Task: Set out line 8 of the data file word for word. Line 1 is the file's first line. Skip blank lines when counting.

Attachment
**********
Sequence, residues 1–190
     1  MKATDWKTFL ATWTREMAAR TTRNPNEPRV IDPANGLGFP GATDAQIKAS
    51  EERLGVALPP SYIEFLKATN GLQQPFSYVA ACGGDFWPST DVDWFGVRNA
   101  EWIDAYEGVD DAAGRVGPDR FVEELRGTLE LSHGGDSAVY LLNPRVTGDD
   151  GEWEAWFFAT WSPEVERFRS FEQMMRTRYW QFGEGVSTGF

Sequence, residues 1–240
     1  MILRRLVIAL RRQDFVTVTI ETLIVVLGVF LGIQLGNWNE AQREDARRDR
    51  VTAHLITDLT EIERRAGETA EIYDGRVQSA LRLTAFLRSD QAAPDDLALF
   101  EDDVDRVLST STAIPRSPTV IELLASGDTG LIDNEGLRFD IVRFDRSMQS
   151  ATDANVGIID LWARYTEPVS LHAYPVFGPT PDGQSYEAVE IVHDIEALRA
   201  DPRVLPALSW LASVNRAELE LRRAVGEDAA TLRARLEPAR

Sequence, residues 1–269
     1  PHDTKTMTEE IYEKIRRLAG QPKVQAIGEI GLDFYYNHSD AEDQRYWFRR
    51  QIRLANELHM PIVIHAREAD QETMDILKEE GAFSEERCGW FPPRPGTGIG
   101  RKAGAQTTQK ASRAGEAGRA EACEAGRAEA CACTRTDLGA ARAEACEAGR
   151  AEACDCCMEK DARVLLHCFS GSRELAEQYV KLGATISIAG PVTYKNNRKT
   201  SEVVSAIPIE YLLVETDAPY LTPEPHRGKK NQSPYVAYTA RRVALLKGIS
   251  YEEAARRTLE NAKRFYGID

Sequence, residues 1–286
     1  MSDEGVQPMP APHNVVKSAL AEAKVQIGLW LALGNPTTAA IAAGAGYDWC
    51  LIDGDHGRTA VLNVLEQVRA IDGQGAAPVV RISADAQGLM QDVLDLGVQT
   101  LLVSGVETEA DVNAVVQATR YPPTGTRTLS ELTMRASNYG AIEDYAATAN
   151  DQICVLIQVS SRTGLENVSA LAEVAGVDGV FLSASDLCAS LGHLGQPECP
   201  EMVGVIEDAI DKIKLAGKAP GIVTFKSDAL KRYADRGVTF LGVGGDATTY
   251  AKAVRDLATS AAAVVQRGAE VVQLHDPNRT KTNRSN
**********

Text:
    51  VTAHLITDLT EIERRAGETA EIYDGRVQSA LRLTAFLRSD QAAPDDLALF